These leaders are changing our world for the better. We find out how they get the job done.
There are a handful of business leaders and industry figures in Britain who are changing the world.
Sustainability and green technology have always been close to Kemball-Cook’s heart.
He began his career as a sustainable designer at an architect’s, before becoming a design engineer at Eon on sustainable street lighting projects.
In 2009 he launched Pavegen, a floor tile that converts the kinetic energy of a footstep into renewable electricity.
Since then Pavegen has been installed on Oxford Street, in Heathrow Airport and is used to power floodlights at football pitches in Rio de Janeiro and Lagos.
A busy man, with big ideas, The Memo asked Kemball-Cook, how he gets it all done…
I usually get up at 7am and check news websites or my social feeds, maybe TechCrunch too.
If I have time I spend an hour on the turbo trainer or go for a short run. If I’m not training then I will typically meditate for 20 minutes.
Once I’m set I usually blend some sort of epic protein powder smoothie, often resulting in the covering of my kitchen in a trail of destruction!
In the office we use a messaging service called Slack, which is a good way to keep track of the team when I’m not in the office!
I’m also a big fan of Twitter and WhatsApp as it helps to keep in contact our international team and groups. I also cycle between all my meetings and sometimes manage 40km a day on my Brompton!
I have a 64gb iPhone 6, I have 5 phone battery cases to keep me powered up while travelling/ running around London.
A typical day can range between 20-500 people! It would normally start off with a breakfast meeting with my mentor, Will King (Founder of King of Shaves), then a client meeting in my office.
I’m usually able to grab 2 hours working with the team on some investment material and new sales opportunities we are looking at, and then out in the afternoon again for either a keynote pitch or press based interview on Bird Street, our newest installation.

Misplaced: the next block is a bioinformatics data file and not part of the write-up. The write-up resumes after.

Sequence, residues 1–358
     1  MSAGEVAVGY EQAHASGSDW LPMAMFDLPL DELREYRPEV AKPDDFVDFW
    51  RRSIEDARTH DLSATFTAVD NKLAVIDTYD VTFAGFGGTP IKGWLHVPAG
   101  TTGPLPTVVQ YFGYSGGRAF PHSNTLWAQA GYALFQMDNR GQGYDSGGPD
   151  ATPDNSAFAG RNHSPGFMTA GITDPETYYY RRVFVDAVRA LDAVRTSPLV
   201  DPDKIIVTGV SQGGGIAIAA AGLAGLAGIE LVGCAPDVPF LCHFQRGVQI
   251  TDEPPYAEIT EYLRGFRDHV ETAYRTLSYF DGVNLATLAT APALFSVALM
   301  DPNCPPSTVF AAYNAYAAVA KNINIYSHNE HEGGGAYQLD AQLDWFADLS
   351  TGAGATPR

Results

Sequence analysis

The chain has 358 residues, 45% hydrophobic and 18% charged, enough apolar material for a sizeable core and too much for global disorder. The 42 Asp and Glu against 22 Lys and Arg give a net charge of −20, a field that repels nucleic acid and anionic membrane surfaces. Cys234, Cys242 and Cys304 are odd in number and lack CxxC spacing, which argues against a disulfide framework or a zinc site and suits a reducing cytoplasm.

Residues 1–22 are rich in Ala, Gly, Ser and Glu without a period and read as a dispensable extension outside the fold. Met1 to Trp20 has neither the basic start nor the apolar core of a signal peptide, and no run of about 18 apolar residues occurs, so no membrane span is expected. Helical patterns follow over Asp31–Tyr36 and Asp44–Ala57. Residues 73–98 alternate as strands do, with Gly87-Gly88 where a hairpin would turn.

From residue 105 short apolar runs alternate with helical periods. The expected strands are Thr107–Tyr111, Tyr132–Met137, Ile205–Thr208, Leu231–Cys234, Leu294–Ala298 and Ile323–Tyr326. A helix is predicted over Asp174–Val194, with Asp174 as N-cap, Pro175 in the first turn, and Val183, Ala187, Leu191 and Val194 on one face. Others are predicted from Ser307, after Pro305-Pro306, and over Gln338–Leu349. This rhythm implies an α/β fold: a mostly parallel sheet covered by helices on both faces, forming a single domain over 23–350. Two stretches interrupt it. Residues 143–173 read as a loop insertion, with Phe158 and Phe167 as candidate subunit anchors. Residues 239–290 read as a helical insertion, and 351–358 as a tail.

If I’m lucky I can grab a quick 10 min call to my EA to make sure I am on top of inbound emails. It’s then followed by 2 more hours in the office in the late afternoon to catch up with team and progress, evening is usually an event or dinner with a client/ investor.
Get home 11pm and play some 90’s hip hop and relax!
I am a big fan of 90s hip hop, so The Wu-Tang Manual by the RZA was a really good read. It gave real insight into the nine members of the group, and all the struggles and hardships they overcame.
I read this book when I was still in the early stages of developing Pavegen and this book really helped to remind me that you should set focus on your dreams and don’t stop despite the setbacks.
We are in the clean-tech, wellness and smart city sector, there are a load of opportunities coming up in the fast emerging sector, I would be persistent, show commitment and keep thinking of new ideas.
I have never had a job, all I have done in my career so far is build ideas, the idea of ‘switching off’ has fascinated me and I believe I can constantly improve this.
The best wind down routine for me is to do an urban triathlon with friends, we head to Athlete Lab in Canon Street, ride 20km then jump off and run 15km along the river followed by some beers!
I am always working and will sometimes work till 3am if there is a lot on.
I used to love building stuff and also blowing up stuff, I was creative yet destructive at the same time.
I refined hydrogen once to make a mini- hydrogen bomb and when I detonated it, the shock wave cracked the neighbour’s windows.
I would ask the inventor of modern-day steam trains, Robert Stephenson how he overcame such massive engineering and human challenges to transform transport as we see it today.
In 1829, when he invented it, people thought that travelling 28mph would cause their bones to turn to dust and they would die from lack of oxygen.
I would ask him – How did he persuade people his idea was going to work in the first place?